Drug Addiction

Series on Health
July 1967

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For many thousands of years man has sought and found artificial stimulants or sedatives to relieve the tensions of everyday living, to allay fear and worry or simply to  increase his pleasure. These have ranged from cannabis, the opiates and the juice of a Mexican cactus to alcohol, tobacco, tea and coffee.

Clearly it is not so much the use of these substances but their abuse or improper use that concerns society. The concept of drug addiction depends firstly on the way society defines drug abuse, secondly on the relationship between the use and the abuse of a specified substance, that is, the extent to which its use leads to abuse and thirdly on the point at which society attempts to control 'abuse'.

Abuse of drugs was for many years considered in terms of drug habituation and drug addiction; but there have been, and still are, great semantic difficulties in defining these words. In 1950, the WHO described addiction as a state of periodic or chronic intoxication, detrimental to the individual and society, produced by the repeated consumption of a drug (natural or synthetic). Its characteristics include an overpowering desire or need (compulsion) to continue taking the drug and to obtain it by any means; a tendency to increase the dose; a psychic (psychological) and sometimes a physical dependence on the effect of the drug. In 1956 they proposed that a distinction should be drawn between drug addiction and drug habituation. Habituation, they said, differed from addiction in that it created a desire (but not a compulsion) to continue taking the drug for the sense of improved well-being it engendered. In the case of habituation there was little or no tendency to increase the dosage, some degree of psychic dependence but an absence of physical dependence and hence of an abstinence syndrome. They considered that the detrimental effects, if any, fell primarily on the individual.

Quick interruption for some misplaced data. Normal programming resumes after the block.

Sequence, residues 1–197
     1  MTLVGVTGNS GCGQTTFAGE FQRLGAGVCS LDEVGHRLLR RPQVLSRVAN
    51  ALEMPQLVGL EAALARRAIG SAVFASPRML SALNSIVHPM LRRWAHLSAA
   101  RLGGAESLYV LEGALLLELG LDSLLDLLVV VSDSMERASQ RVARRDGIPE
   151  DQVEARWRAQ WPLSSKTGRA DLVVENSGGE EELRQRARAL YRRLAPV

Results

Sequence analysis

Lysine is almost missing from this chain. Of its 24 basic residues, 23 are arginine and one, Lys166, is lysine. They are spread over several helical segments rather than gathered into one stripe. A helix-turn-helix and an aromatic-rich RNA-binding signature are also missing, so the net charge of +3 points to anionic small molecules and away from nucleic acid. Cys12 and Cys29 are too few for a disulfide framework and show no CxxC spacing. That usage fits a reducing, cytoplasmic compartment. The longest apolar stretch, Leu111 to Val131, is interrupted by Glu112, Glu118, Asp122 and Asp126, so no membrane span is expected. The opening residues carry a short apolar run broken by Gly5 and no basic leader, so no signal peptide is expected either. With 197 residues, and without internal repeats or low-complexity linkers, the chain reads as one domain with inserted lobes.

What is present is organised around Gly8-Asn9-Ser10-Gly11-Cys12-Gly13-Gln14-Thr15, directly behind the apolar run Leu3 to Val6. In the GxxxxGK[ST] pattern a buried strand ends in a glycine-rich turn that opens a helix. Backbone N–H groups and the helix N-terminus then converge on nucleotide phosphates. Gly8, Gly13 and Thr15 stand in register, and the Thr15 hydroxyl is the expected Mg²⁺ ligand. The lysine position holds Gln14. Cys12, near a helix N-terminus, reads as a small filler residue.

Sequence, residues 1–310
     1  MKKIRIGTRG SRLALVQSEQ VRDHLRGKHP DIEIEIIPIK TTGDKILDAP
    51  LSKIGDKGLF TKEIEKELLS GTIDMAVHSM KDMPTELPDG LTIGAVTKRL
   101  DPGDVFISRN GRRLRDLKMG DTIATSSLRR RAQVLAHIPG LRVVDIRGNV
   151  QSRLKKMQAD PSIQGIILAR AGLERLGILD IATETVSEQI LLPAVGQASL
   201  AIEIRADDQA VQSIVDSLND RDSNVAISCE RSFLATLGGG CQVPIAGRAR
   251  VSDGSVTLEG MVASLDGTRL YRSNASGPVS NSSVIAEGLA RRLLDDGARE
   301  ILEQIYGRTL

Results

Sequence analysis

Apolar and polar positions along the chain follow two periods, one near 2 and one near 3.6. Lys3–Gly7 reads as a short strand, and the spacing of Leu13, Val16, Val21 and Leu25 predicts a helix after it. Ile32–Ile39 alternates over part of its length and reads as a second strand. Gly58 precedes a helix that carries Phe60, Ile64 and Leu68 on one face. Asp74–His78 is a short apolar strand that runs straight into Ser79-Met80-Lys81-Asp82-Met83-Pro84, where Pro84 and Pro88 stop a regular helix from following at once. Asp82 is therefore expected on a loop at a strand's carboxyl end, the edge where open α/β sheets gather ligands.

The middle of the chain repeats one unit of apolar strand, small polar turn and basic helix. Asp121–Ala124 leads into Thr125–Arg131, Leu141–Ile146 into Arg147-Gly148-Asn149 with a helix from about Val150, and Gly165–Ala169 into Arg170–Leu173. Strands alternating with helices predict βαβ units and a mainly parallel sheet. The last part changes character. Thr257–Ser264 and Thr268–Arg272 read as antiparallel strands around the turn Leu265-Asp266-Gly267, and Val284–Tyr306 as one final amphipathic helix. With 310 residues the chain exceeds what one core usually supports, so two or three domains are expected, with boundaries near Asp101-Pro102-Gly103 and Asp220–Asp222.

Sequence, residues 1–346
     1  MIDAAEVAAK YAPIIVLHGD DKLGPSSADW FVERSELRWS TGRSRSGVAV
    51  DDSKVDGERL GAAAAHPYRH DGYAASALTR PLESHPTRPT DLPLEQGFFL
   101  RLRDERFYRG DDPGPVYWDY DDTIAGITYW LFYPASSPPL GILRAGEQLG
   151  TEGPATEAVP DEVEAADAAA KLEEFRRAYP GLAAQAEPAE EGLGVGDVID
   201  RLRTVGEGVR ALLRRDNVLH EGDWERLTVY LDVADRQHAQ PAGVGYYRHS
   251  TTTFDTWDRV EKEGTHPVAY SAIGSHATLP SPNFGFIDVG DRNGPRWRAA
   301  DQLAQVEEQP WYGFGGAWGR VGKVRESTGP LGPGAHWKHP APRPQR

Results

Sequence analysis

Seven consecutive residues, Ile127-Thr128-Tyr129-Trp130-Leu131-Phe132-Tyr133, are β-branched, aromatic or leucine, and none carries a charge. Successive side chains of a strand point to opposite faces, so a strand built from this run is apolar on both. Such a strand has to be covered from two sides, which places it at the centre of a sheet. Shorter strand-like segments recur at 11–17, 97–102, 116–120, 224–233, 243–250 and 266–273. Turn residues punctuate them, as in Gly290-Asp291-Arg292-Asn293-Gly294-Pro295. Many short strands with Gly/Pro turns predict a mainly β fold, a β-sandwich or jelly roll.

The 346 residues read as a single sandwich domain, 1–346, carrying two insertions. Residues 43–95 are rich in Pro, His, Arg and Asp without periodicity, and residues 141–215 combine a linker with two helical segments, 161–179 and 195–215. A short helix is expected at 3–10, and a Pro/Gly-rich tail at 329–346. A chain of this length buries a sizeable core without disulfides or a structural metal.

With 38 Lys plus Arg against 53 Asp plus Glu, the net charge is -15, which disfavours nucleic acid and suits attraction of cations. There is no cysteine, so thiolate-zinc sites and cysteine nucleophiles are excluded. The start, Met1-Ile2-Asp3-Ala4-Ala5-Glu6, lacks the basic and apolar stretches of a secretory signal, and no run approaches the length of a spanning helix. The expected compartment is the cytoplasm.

Certain difficulties attach to these definitions. There is no clear distinction between the meaning of habituation and addiction, either within or between lay, legal and medical usage. Some individuals may derive a satisfying or pleasurable sensation from a wide variety of substances taken into the body (e.g. nutmeg, banana-skins, glue-sniffing, snuff, tobacco, alcohol and even food) and continue taking them possibly to an excessive and detrimental degree. Does glue then become a drug of addiction? In addition, by association, both terms have a connotation of evil, guilt and sin. This, possibly, is because man considers that his mind should rule his body and some of these drugs taken by the body control the mind.

In 1964, the WHO recommended that 'drug dependence' be substituted for the terms addiction and habituation and also that dependence should be discussed within the confines of specific drugs or drug types. (The UN Commission on Narcotic Drugs, however, decided at its twentieth session, in1965, to keep to the old terminology). Drugs producing dependence have at least one effect in common which is that they are capable of creating a state of mind in certain individuals termed psychic dependence. This is a drive requiring periodic or continuous administration of the drug for pleasure or to avoid discomfort.

Abuse of the drug occurs when the results of the drug dependence have an apparent detrimental effect on the individual and society. Over and above this, the characteristics of drug dependence show wide variations from one generic type to another and this makes it necessary to establish clearly the pattern for each. The types delineated include the following: morphine, barbiturate, alcohol, cocaine, amphetamine, hallucinogens (such as LSD) and cannabis.

This paper is concerned mainly with the 'hard drugs' described variously as opiates or narcotics of which include morphine and heroin, cocaine and the synthetic narcotic analgesics such as pethidine. Four other drug types, the barbiturates, amphetamines, hallucinogens and cannabis are also discussed.